Sunday, February 08, 2009
For your reading pleasure
Our favourite psychogeographer (although Stewart Home runs him close), Iain Sinclair, talks to the Guardian's Rachel Cooke about his new book on Hackney, the Olympic development and urban decay. And as a Beard bonus beat, here's Sinclair in action, taking the BBC for a walk around Abbey Park cemetery in Stoke Newington.
For my Masters dissertation, I'm interested in exploring psychogeography in the context of writing - or filmmaking, music, art etc - about Glasgow. Perhaps it's a bit of a stretch to claim Alasdair Gray, Edwin Morgan et al as psychogeographers, but their work does contain elements of that, admittedly rather loose, concept: walking, critiques of urban development, hidden places, magic... I've also dug up some interesting travel writing on Glasgow, including an Alfred Watkins inspired mapping of the area's ley lines by Harry Bell. His book, Glasgow's Secret Geometry, is sadly out of print, but the full text is online here. And although I can't check the catalogues online, I imagine Glasgow's wonderful Mitchell Library has a copy.
Interesting article by Jessica Hopper on what the success of No Age could mean for LA's all-ages punk venue The Smell. The Smell has become a model for DIY scenes, creating a genuine sense of community. The worry is that its success could change all that, as hipsters and suits move in, robbing it of its integrity. Here's hoping The Smell continues to spread its righteous, pungent vibes across the world. This reminds me, I should really get my No Age interview on here. Uni comes first, but I'll get there eventually.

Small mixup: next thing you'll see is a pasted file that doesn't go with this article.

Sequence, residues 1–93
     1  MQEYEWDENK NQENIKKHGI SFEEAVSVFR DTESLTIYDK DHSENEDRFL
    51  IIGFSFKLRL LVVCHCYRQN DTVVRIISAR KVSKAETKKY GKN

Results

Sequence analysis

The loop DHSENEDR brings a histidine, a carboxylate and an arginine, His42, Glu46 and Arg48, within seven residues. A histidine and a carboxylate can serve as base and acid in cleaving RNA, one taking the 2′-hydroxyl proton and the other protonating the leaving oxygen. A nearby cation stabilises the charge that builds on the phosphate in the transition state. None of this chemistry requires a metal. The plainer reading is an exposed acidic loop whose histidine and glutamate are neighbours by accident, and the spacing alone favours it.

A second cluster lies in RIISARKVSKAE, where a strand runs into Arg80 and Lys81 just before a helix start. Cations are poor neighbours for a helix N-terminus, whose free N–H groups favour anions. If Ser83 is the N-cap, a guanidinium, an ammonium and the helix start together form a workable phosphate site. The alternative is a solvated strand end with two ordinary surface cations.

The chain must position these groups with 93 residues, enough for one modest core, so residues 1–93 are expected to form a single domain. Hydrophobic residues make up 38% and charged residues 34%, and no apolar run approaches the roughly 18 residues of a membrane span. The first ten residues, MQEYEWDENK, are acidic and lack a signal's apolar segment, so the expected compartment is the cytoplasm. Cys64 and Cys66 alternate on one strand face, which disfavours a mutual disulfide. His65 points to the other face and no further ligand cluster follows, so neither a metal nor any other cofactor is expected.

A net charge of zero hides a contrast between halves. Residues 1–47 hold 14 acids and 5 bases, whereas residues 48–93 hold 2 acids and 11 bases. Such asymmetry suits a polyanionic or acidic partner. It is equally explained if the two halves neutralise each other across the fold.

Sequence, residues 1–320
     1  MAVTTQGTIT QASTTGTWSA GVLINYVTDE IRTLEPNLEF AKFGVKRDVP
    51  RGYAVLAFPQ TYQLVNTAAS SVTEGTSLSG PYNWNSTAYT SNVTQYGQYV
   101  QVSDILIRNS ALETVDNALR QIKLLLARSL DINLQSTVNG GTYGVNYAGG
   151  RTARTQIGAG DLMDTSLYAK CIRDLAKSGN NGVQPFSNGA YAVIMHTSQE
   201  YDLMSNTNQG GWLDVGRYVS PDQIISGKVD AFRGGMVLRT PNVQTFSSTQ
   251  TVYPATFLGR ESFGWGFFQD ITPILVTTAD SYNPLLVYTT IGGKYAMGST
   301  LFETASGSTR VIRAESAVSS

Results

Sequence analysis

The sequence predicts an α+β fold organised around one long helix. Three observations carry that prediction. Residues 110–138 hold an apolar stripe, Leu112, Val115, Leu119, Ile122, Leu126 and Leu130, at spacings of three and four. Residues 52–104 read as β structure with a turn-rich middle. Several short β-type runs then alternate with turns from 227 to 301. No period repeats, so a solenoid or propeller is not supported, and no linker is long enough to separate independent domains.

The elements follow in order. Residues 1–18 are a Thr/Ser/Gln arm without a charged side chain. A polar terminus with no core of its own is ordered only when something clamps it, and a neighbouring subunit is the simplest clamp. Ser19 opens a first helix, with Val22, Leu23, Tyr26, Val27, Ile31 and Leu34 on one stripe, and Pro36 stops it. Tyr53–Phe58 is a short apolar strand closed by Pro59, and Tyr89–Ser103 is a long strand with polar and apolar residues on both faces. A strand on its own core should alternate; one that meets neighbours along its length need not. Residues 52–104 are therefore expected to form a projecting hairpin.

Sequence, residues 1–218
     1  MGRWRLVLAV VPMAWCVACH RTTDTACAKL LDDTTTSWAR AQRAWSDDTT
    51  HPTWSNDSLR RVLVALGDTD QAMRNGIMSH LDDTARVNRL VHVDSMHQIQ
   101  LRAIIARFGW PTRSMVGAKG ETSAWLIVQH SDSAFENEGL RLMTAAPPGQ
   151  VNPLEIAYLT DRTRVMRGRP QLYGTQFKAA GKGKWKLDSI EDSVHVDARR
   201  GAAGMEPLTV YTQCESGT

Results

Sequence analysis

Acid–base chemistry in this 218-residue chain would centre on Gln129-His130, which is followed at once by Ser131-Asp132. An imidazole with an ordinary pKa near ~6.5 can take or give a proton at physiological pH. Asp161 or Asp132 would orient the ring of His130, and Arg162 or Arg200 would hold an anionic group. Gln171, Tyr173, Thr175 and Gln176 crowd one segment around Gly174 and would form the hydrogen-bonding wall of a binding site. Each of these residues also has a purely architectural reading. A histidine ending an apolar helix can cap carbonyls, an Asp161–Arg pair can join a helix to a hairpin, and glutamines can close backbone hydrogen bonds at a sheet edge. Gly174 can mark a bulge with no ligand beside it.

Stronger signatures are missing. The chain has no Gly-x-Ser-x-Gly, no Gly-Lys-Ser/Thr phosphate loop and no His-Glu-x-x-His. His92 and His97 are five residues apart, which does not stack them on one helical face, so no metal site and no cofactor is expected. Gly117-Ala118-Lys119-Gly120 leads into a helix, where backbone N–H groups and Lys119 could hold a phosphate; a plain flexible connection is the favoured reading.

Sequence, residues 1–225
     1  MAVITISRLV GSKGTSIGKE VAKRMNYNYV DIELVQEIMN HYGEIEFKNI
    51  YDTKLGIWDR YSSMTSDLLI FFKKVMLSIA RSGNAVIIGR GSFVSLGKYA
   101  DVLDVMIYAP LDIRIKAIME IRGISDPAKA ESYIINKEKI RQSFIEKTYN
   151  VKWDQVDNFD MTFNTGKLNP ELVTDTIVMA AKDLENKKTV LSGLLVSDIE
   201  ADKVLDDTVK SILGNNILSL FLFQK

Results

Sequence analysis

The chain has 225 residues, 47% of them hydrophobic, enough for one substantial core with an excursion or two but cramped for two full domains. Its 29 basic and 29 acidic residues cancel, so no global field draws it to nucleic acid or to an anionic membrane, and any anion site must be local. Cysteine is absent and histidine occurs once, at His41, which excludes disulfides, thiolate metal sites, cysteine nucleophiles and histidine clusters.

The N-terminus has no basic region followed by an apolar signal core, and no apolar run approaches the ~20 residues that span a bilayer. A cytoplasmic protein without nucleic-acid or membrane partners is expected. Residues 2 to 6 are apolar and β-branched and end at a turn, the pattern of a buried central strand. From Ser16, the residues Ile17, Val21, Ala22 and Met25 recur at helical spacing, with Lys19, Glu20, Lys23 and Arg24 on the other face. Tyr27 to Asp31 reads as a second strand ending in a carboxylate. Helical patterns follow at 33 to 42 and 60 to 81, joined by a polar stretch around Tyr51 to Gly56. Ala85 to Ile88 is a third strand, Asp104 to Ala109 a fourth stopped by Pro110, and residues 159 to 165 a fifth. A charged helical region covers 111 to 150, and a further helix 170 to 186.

Simon Reynolds, blogging for the Grauniad, applies his recent theorising on middlebrow rock and pop to Animal Collective. Predictably, the idiot trolls who plague Comment Is Free are quick to call Reynolds pretentious, blah blah etc etc. Just as dispiriting is the commentator who wonders where all the good British music is. If only he'd clicked on the awesome Zomby clip Reynolds posts on the blog... Anyway, the idea of music that sits between the mainstream and the underground, the experimental and accessible is nothing new, but it's interesting to see Reynolds reclaim the term middlebrow from dullards like Coldplay and Elbow, in much the same way academia has sought to use the term positively to describe, for example, certain strains of women's writing from the mid-20th century. One commentator suggests that middle brow is the best kind of music and no one needs a Metal Machine Music. I'm sure Reynolds would disagree. Surely the two can't exist without each other? Experimental music exists in its own right, not just as a lab creating raw materials to be filtered and processed for mass consumption. The main problem with middlebrow is its unavoidable class consciousness. While that can be useful in understanding the modes of production and comsumption, it does tend to oversimplify things. Maybe this is me showing my age, but I don't really care about whether music is popular or not. Of course, in the real world, these things can make a difference in terms of cultural currency. Ultimately, Christgau's term, semi-popular music is the best we've got.